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Culture Lust by Angela Carone

Kiddie Mani-Pedis

How disturbing is this article from The New York Times?  Seven and three-year-olds getting pedicures, thumbing through People, putting on MAC make-up which, by the way, is very expensive.  I didn't start having pedicures until my late twenties.  When I was seven and running around Florida beaches, my toes were for elaborate sandprints.  And at three, well, at three is was all about "this little piggy games," not "Jungle Red" or "Passion Pink."  And let me make a distinction here, I'm not saying that glittered kiddie toenail polish is a bad thing.  I'm saying that actual child pedicures and group pedicure outings involving OPI and heated whirlpools is going to far.

This excerpt only confirms a trend well underway: 

But today, cosmetic companies and retailers increasingly aim their sophisticated products and service packages squarely at 6- to 9-year-olds, who are being transformed into savvy beauty consumers before they’re out of elementary school.

“The starter market has definitely grown, I think, due to a number of cultural influences,” said Samantha Skey, the senior vice president for strategic marketing of Alloy Media and Marketing.
Other trends laid out in the article have left me agog:

Sweet & Sassy, a salon and party destination based in Texas for girls 5 to 11, includes pink limo service as a party add-on, which starts at $150 a ride. And Dashing Diva franchises often offer virgin Cosmos in martini glasses along with their extra-virgin nail polish, free of a group of chemicals called phthalates, for a round of services for a birthday girl and her friends.

Now, it seems to me that a fair amount of child's play is about mimicing adult behavior and experience, like the easy bake oven (do they still make these?), baby dolls, doctor kits, playing school, etc.  But why would you construct play experience around adult consumer-driven behavior?  And worse, adult forms of partying, letting loose, and physical adornment?  For me and I suspect for many of my friends, pedicures are about many things:  luxury, maintenance, reward, and, it can't be denied, sexuality.  These are not the concerns of a 7-year-old unless we make them so.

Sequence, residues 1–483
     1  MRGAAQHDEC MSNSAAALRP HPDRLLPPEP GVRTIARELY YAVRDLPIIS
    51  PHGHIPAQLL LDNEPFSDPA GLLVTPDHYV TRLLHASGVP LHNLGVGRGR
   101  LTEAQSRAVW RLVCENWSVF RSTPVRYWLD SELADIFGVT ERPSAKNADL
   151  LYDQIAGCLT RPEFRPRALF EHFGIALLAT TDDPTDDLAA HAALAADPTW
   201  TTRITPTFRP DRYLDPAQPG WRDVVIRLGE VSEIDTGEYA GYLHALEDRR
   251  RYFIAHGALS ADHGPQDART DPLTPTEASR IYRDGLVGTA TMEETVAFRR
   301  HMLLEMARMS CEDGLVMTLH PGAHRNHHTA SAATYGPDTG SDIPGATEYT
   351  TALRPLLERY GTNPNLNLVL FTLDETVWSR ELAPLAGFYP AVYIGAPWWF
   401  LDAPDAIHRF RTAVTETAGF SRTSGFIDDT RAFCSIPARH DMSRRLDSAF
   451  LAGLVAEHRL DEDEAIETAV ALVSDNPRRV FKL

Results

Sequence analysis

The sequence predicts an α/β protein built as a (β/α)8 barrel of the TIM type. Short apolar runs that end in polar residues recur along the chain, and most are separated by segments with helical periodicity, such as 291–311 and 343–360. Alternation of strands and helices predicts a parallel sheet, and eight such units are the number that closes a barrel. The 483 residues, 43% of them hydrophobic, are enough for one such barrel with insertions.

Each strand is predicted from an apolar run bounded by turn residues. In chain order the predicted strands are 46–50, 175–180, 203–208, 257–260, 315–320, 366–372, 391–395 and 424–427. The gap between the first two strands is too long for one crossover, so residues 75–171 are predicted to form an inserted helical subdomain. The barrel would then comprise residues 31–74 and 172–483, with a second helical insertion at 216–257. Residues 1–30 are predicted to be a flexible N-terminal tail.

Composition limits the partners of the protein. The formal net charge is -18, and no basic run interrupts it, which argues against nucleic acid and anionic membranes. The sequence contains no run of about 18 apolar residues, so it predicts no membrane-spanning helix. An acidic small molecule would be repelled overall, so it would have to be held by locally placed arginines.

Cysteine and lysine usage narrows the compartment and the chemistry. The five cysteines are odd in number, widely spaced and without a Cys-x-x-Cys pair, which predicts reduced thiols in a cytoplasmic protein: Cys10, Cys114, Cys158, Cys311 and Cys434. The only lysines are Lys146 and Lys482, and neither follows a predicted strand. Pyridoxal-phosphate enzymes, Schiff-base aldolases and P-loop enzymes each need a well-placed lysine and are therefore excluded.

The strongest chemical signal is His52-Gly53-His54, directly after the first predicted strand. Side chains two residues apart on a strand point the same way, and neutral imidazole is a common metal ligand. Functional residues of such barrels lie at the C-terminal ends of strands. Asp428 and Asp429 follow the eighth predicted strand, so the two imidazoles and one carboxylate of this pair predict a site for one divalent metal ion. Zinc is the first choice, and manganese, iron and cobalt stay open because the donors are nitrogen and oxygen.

Looking back, I wouldn't have wanted to be so conscious of my body at age seven.  The psychological weight of such body consciousness would have distracted my growing mind and curiousity.   I'll admit my imaginative play sometimes involved a pink Barbie corvette (which I put tons of stickers on) but it never included a ride in one.  

Azron
February 28, 2008 at 07:34 PM
Although my girls will be getting no limo rides or cosmos, we've promised our eldest a mani if she'll stop sucking her thumb. The promise is a year old... still no painted nails.

aaryn b. from the fantastic, aweome WOOHOODUDES! college area
March 03, 2008 at 01:16 AM
Does it count if you just take them to pick out pink and purple polish and have the nice lady with the steady hand put it on? Am I still a jackass? Does it mean my daughter's gonna go for a cruise in the corvette (of all cars! ewww!)? Cuz if so? I totally didn't take my pre-three year old to have her toes painted for the first time today...

Just Jamie from San Diego
June 03, 2008 at 09:28 PM
I echo your sentiments exactly. We just had our first taste of such a party, for ... a FOUR year old. I blogged about it in a defeated sort of way. I guess I wasn't expecting such luxurious nonsense until the teenage years, but I forgot ... this is Southern California.

Jonty Bai from Canada
March 28, 2009 at 10:19 AM
What is the issue if teenage girl doing pedicures in her early age..?? Is this harmful to society or other people.? Teenage girl doing some illegal offense against the society.? Are they killing people ?? Why not you discuss about teenage boys buy a gun and shoot at school on innocent student..??? Forget pedicures...they are not harm anybody at all... CodVenture